It seems everything is IP-enabled today, so I suppose I shouldn't be surprised by an announcement from SES this week describing a new IP-LNB that delivers satellite broadcast content to TVs, tablets, smartphones and PCs connected to the home's IP network, wired or wireless.
SES says the IP-LNB is a prototype device that will deliver eight concurrent channels from any of a satellite’s transponders. These channels may be forwarded via IP unicast or multicast to fixed and portable devices. Satellite signals will be distributed via Ethernet, power-line communications (PLC) or a Wi-Fi local area network (LAN). The technology can be used for free-to-air or pay TV applications.
The LNB-IP combines SES' SAT>IP protocol innovations, MaxLinear's Full-Spectrum Capture (FSC) DVB-S2 receiver IC, Abilis' TB101 Broadcast to Broadband Bridge (“B3”), and Inverto's software stacks and a new high-performance LNB product design.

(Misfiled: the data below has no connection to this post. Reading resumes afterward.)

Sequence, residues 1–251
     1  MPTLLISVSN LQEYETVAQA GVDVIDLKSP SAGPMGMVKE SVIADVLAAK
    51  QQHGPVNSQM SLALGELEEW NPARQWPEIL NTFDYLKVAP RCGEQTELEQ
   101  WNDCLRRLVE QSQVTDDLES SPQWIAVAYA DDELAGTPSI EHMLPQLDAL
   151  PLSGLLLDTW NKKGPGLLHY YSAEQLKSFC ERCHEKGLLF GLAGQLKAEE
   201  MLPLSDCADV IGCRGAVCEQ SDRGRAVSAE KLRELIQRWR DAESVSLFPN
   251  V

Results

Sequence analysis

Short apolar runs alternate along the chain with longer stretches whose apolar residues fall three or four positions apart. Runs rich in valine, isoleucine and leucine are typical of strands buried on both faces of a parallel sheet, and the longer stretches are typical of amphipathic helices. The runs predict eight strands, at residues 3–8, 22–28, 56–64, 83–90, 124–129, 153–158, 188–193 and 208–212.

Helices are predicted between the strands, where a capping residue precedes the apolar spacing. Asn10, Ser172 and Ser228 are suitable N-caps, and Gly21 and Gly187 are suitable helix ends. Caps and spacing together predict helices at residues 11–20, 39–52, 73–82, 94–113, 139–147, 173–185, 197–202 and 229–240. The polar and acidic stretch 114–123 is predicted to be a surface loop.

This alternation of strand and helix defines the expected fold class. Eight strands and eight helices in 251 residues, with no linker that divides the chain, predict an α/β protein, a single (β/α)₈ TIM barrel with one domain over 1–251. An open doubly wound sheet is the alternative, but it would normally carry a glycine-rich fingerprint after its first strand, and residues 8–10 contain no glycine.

The IP-LNB operates in the 10.7-12.75 GHz Ku-band and consumes less than 10 Watts, allowing it to be powered via Ethernet. A “wake-on-LAN” feature reduces standby power consumption.
In addition to providing an IP stream with satellite programming, the device also features remote spectrum, temperature, and PHY metrics monitoring, and is upgradable via Ethernet and via satellite.
This could be the ideal model for a next-generation broadcasting tuner—just incorporate it into the antenna and let the consumer place it in a window, outside, or in the attic. It would then be connected to the user’s home network and TV via Ethernet cable.
The technology was demonstrated at the SES Industry Days 2013 conference on April 18 and 19 in Luxembourg. The announcement said, “The parties are currently engaging with key customers to characterize various parameters for a first commercial IP-LNB product and its deployment schedule.”
Doug Lung is one of America's foremost authorities on broadcast RF technology. He has been with NBC since 1985 and is currently vice president of broadcast technology for NBC/Telemundo stations.
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